Lobsang Dargey is shown here leaving the U.S. District Court building in Seattle on Jan. 4 after pleading guilty to fraud charges. (Dan Catchpole / Herald file)

Lobsang Dargey is shown here leaving the U.S. District Court building in Seattle on Jan. 4 after pleading guilty to fraud charges. (Dan Catchpole / Herald file)

Everett developer Lobsang Dargey won’t fight fraud lawsuit

EVERETT — Embattled real estate developer Lobsang Dargey has dropped his fight against a federal lawsuit accusing him of defrauding investors and misusing their money.

The proposed settlement with the U.S. Securities and Exchange Commission puts Dargey on the hook for nearly $18.4 million and prohibits him from having any role in the issue, offering or sale of certain securities. The motion was filed Thursday in U.S. District Court in Seattle. It requires approval by U.S. District Judge James Robart to take effect.

Dargey also faces as much as 10 years in federal prison after pleading guilty in January to criminal charges of wire fraud and misleading U.S. immigration officials. He also agreed to pay back more than $24 million to 282 investors.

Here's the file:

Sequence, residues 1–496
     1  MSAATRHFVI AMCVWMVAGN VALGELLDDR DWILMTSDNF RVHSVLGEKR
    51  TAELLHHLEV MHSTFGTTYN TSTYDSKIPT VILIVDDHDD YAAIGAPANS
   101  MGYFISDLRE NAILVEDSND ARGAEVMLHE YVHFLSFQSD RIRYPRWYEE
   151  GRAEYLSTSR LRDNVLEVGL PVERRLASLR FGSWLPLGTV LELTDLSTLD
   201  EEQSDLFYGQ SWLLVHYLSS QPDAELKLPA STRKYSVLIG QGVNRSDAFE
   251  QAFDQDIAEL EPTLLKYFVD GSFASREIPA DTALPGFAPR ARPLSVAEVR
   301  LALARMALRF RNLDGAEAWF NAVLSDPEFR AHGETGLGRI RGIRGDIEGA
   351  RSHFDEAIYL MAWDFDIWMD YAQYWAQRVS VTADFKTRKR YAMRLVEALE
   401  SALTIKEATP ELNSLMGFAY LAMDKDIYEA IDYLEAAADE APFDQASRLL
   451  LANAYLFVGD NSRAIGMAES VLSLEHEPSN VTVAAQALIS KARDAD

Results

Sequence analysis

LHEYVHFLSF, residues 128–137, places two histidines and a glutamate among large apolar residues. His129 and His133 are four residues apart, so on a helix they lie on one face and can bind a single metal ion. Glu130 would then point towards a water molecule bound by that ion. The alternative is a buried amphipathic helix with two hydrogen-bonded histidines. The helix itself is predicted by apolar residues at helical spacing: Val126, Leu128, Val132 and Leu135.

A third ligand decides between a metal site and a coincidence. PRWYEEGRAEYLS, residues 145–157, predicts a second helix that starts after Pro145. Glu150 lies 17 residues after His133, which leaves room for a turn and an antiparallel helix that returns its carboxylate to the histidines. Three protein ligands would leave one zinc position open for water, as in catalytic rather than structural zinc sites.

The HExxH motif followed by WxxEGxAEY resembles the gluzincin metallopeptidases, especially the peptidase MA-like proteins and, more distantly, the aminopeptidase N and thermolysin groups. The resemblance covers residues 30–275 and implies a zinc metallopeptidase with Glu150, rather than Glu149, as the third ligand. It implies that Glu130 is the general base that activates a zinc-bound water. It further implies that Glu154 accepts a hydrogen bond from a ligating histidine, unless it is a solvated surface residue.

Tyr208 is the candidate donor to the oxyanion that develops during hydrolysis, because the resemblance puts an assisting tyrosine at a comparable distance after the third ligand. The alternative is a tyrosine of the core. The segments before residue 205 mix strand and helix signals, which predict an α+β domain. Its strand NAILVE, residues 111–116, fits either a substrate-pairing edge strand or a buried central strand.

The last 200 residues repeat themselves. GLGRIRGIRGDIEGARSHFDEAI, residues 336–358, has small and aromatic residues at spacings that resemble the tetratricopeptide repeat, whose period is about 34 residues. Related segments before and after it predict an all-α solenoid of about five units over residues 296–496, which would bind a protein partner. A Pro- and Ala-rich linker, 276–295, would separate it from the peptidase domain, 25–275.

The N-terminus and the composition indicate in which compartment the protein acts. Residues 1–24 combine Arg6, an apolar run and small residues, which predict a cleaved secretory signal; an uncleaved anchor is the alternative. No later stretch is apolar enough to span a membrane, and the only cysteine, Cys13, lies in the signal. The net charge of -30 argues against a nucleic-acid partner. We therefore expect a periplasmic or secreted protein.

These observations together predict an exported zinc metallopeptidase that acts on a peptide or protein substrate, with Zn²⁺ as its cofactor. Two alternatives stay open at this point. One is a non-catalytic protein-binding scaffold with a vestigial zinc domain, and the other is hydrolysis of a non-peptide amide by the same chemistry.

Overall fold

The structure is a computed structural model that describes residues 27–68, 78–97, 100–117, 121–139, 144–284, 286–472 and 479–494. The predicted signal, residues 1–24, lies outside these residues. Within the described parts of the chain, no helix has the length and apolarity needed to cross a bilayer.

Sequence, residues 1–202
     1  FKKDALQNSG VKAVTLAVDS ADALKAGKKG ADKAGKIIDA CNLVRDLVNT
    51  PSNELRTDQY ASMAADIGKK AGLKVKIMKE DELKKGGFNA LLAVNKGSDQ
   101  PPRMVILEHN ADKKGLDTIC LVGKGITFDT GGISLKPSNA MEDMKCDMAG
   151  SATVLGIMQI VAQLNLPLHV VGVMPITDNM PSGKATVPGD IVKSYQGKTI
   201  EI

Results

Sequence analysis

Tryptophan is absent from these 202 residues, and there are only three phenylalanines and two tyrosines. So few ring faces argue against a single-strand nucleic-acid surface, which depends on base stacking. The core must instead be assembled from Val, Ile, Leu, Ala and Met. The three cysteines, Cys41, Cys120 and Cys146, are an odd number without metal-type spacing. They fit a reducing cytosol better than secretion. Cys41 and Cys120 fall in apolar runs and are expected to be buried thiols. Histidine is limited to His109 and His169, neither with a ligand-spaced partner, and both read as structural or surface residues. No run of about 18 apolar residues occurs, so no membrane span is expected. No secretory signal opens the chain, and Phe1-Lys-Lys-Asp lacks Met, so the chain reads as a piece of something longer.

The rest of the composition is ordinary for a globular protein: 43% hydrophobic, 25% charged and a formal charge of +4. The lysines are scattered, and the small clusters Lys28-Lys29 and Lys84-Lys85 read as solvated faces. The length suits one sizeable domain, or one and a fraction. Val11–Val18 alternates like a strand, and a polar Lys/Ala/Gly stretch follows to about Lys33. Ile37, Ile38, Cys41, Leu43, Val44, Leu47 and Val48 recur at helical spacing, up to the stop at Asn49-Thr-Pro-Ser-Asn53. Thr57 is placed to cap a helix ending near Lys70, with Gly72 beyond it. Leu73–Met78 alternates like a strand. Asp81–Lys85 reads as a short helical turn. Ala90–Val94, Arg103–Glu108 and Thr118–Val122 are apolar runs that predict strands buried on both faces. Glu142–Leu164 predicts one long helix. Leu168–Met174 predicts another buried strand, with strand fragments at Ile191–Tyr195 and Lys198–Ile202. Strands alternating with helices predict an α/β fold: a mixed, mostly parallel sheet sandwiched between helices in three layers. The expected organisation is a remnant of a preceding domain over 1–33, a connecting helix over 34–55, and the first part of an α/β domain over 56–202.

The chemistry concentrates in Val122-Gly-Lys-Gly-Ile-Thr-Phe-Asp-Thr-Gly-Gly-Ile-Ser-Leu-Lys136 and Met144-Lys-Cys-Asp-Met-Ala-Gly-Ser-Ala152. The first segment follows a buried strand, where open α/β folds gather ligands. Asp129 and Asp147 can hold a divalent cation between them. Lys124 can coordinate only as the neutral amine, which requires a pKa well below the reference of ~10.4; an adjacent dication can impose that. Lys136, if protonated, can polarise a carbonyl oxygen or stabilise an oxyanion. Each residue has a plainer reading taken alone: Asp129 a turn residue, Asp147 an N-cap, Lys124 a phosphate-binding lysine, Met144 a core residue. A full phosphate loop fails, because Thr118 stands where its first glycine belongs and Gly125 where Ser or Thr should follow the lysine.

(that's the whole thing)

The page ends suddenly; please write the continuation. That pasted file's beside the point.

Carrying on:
Both the criminal and civil cases came from his use of foreign investors to bankroll his meteoric rise as a real estate developer in Everett and the Seattle area.

If Dargey pays the $24 million to investors and hands over ownership of his real estate holdings to a court-appointed receiver, he will not have to also pay the $18.4 million he is liable for in the civil case, according to the proposed settlement.

The Tibetan native got into real estate in 2006, when he bought and refurbished the Everett Public Market in downtown Everett. By 2015, his development projects included Potala Place, a 220-unit apartment building in downtown Everett and Potala Tower, a proposed 41-story tower in Seattle.

His rapid rise was fueled by Chinese investors. Nearly 300 of them put more than $150 million into projects in Everett and Seattle as part of the federal EB-5 program, which offers foreigners a short-cut to green cards if they invest money in projects creating jobs in the United States.

However, Dargey secretly siphoned off investors’ money to use on other projects and for personal expenses, including a luxury house in Bellevue, expensive jewelry and trips to casinos.

His sentencing in the criminal case is scheduled for April 6.

Dan Catchpole: 425-339-3454; dcatchpole@heraldnet.com; Twitter: @dcatchpole.

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